Lessons learned from a new job

Today was my last day at Spansion. I was surprised to learn from my consulting company that my contact was terminated as of today. This is a week and a half after they renewed contract with a raise for 3 more months. I didn’t get a good explanation for the cancellation but what I was told was that the Director of the company wanted me gone after a disagreement I had with him.  My performance was never discussed and I assume I was doing well. I had a few people tell me this week that these projects would never have gotten done if it wasn’t for me. So, I assume that I did a good job. I surely worked hard.

However, no matter how hard you work, it won’t matter at the end. Here are some of the lessons I have learned from this job.

1. 1.It doesn’t matter how hard you work, it’s all about appearance. I am an efficient worker. I have all my facts in my head and they are accurate. As a program manager, I needed all the facts at the tip of my finger tips. I did that. However, it’s not about how efficiently you work, it’s all about how hard you appear working. I had a co worker that toiled at things that isn’t that difficult to do. I can get what she was doing finished in 8 hours, which she took 12 hours to do. So, she always come in early and leave late but her work was good but not outstanding. They really like the fact that she was putting in 60+ hours per week and getting paid for 40 hours. I usually put in about 45 hours but I guess that wasn’t enough.

2. 2.Always go with your gut instinct when you are interviewing. I had a feeling about the Director when I interviewed but I like the manager that I would “report to” so I signed up. Specially the Director only spends at local office once every two weeks or so.  It was the Director who decided that I needed to go. He has a reputation among everyone who deals with him to be an ass. He knows it and he doesn’t care. He will just burst in to your office and start yelling at you for smallest reasons. His relationship with vendors is so bad, they started to avoiding doing work for us. So far, I avoided him because whenever he wanted something, I had the answer. He pretty much left me alone. However, some managers set you up for a failure and he did that to me. He told me to do something that was impossible and when I told him it’s not possible, he started to yell at me saying he doesn’t care and just get it done. I knew I was in trouble at that point.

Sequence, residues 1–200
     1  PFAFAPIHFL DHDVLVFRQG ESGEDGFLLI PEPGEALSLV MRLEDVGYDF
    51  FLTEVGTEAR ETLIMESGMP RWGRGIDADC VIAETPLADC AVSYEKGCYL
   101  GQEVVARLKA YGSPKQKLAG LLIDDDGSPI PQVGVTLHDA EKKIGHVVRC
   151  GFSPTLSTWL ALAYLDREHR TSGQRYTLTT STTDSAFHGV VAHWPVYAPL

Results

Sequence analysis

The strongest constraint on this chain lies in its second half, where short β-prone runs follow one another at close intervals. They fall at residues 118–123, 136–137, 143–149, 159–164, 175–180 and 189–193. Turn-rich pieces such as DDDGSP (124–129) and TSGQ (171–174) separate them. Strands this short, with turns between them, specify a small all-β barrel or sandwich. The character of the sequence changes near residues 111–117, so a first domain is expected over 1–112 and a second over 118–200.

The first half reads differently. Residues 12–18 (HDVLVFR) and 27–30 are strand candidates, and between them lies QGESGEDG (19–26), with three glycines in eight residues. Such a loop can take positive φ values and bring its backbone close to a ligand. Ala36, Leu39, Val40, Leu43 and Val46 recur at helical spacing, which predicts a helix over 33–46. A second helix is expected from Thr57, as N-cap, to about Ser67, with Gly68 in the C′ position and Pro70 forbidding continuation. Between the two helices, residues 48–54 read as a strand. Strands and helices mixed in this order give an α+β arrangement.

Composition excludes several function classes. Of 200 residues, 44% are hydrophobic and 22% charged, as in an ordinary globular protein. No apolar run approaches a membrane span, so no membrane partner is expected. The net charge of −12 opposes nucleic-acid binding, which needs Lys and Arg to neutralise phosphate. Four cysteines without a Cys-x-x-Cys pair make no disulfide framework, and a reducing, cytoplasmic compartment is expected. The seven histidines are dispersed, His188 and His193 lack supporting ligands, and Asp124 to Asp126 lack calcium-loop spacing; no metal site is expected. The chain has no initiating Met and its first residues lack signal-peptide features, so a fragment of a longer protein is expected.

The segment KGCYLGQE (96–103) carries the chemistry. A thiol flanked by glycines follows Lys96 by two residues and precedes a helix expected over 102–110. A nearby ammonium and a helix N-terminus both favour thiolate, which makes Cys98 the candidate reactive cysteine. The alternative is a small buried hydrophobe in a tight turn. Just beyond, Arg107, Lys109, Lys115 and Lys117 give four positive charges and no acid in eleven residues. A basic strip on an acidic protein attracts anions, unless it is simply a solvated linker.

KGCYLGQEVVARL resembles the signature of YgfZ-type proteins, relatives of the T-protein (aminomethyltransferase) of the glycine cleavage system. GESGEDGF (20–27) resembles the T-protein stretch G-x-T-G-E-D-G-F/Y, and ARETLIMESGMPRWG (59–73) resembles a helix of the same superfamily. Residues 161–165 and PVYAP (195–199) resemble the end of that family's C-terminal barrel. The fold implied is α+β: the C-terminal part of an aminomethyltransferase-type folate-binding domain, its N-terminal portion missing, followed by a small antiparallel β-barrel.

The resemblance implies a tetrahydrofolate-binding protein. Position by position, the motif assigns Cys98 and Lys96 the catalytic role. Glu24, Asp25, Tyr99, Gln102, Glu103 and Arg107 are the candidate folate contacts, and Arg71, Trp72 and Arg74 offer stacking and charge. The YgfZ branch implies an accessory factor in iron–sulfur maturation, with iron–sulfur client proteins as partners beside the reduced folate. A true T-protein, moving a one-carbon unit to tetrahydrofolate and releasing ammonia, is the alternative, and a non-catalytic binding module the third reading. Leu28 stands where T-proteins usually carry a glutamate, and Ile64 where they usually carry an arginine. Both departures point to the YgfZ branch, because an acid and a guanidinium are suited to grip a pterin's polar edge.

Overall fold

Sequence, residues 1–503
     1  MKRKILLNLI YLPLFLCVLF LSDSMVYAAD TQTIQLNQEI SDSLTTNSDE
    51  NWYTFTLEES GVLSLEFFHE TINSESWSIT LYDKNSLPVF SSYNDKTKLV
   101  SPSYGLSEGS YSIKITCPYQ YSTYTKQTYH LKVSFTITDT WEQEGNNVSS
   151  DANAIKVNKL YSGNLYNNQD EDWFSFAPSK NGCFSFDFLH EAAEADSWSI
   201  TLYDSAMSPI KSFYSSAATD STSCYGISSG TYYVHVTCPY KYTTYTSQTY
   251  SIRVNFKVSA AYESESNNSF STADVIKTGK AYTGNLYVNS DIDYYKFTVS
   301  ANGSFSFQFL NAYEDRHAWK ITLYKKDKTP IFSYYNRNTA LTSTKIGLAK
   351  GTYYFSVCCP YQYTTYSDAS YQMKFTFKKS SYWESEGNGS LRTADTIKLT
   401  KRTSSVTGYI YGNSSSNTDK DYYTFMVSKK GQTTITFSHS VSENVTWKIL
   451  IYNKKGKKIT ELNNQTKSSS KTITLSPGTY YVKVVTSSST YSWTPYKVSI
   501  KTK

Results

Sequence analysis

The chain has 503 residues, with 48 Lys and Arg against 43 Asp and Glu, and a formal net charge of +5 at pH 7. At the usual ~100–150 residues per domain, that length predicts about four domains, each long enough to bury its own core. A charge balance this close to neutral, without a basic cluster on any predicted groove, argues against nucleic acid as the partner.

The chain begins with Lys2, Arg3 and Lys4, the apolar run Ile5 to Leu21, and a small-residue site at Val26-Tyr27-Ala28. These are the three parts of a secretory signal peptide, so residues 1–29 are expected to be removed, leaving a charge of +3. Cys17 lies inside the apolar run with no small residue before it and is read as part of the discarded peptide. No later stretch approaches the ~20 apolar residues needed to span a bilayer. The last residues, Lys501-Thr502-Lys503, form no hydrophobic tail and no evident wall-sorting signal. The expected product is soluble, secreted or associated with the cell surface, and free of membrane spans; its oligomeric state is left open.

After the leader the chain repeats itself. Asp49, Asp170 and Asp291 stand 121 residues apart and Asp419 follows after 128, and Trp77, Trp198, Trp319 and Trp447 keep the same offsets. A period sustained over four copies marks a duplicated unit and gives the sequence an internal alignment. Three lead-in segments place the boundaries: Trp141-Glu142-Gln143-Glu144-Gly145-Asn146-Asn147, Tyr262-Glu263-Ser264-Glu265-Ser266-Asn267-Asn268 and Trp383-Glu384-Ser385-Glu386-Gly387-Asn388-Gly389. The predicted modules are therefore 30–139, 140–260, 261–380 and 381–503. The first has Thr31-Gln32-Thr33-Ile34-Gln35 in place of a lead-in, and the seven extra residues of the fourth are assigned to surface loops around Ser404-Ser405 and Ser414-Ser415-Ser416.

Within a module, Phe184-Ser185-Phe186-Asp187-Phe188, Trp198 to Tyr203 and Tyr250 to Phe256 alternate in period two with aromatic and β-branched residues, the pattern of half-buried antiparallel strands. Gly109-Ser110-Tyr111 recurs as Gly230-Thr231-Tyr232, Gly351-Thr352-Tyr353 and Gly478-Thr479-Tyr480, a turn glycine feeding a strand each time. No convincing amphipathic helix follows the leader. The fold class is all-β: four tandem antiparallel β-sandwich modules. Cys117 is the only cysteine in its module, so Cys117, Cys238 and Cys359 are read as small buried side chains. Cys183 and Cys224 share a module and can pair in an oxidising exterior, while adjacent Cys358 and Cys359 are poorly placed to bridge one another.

3. 3.Make sure you boss doesn’t set you up for a failure. Be aware of the following phrases: “I don’t care, just get it done” “Just go set up a meeting with this guy, I don’t care if you know him or not , just get it done.” “Don’t tell me it can’t be done, just go push it to get it done and I don’t care of the government closes on weekends.”, etc. Look out for someone who expects miracles to be done so he can look good. This Director was such a person. His expectation were way off and when he didn’t get his way, he would throw a fit. 

4. 4.Don’t work for companies whose stock is lingering below $3. It’s a sure sign that the company has no clue what they are doing. I have worked for many companies in the past but I gotta admit that this company is the most bureaucratic company I have ever seen. The Director knows this but his idea is to run his division “better” is to run it like a “startup” company. This coming from someone who’s never run a startup company, let alone worked at one. I have done it myself and he’s clueless when it comes to what a startup company is. The reason why people work long hours and work hard is that there is an incentive at the end of the hard work. Almost everyone has equity in the company so they are part owner, which gives them a big incentive. In a large bureaucratic company, it doesn’t work. He basically used this excuse to get more hours from people, specially from contractors who are forbidden to work more than 40 hours per week without over time. The company doesn’t allow over time but he thinks that by telling people that we are working like a start up company, people will work without the right incentive.

5. 5.Never get a contract position unless it’s the last resort. As a full time worker, if the company is not satisfied with your work, they have to follow a process. They have to let you know what isn’t working out and give you chance to work on it. All this has to be documented. They can not just arbitrarily dismiss you on personal whim, which they can do with a contractor. The entire time I worked for them, all I heard is that they like what I am doing. They never had any feedback on my work other than something positive. So, it was a surprise to me that they terminated my contract. I mean, who gives a new contract with a raise then dismiss someone with almost no notice? Be aware.

I think that’s enough for now. I hope I don’t make the same mistakes again. I am looking for a new full time position.

On August 20, 2008, posted in: Uncategorized by
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